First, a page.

This is the first post in part of a new digital book club that John Saddington is trying out over on the Desk PM community website. I still have to finish the 10 Days to a Better Blog challenge (and, oh boy, has it been a challenge) and now I’m doing this as well. The book that the book club is reading is Turning Pro by Steven Pressfield, which I already own (Mike, of 27 Good Things, generously offered to mail a copy to me when I guest posted on his website last year) and have read. Joining John’s book club is a great way for me to reread this book and contemplate some of the ideas contained therein.
In the section we’re reading today, one of the things Steven Pressfield writes about is ambition. My earliest memory of coming across the term ambition was reading Anne of Green Gables, when Anne was called ambitions for wanting to be top of her class and win the scholarship. I recall my then younger self not quite knowing what that word meant, but having a sense that it implied some kind of calling.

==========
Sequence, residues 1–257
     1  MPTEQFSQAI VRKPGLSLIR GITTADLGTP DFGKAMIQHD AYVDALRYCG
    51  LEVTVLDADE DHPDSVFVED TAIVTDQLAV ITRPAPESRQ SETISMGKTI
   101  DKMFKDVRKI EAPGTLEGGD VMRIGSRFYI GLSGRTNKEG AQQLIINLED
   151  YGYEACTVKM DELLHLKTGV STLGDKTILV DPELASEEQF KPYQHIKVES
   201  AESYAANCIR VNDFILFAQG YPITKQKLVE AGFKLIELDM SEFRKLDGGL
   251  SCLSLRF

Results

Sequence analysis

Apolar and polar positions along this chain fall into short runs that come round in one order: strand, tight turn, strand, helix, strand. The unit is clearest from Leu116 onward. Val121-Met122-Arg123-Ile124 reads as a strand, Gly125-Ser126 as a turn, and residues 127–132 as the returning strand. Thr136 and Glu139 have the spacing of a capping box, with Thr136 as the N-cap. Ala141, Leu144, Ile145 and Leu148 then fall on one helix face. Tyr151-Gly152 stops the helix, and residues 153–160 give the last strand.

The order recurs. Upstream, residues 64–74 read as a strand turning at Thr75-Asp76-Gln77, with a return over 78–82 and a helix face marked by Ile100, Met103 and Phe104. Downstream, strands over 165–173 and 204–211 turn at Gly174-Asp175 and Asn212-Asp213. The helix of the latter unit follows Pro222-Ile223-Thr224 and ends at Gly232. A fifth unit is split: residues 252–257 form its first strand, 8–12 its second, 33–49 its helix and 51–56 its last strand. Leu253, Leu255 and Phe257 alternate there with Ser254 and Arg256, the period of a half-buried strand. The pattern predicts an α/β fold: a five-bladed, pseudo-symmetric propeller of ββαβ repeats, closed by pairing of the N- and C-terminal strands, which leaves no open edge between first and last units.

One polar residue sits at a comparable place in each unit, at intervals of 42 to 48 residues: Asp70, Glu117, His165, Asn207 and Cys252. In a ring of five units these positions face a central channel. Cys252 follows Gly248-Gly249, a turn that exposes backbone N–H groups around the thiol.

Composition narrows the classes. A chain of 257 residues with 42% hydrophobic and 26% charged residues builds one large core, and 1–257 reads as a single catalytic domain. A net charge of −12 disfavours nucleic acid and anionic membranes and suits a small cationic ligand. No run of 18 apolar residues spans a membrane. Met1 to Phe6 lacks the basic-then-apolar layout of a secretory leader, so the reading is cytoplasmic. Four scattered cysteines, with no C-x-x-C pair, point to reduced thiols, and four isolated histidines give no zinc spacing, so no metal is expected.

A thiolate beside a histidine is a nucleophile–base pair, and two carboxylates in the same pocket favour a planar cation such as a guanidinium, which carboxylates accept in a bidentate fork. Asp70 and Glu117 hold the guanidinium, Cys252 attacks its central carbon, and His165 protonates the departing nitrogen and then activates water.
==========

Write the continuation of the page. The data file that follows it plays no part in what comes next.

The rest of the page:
When you are no longer a student and making your way in the world, one question that you’ll repeatedly encounter from other people is, “What do you do?” It’s a question that is, in a way, a progression (for lack of a better term) from “What do you want to be when you grow up?” that you hear so often as a child. The first question is easy to answer if you have a job, but even in your own work environment you might be faced with this question from co-workers.
For myself, I want to be a writer. In some ways, I already am but I want to do and be more. I want to actually finish a novel (that’s in progress) and write more books after that. The hard part of this ambition is the actual doing – it is true that the easiest and hardest thing for a writer to do is to sit down and just write. At the same time, I feel an immediate urgency – as I have dreamed of being a writer, “when I grow up” becomes a crutch and it is something I can no longer lean on if I want to realize my dreams as a writer.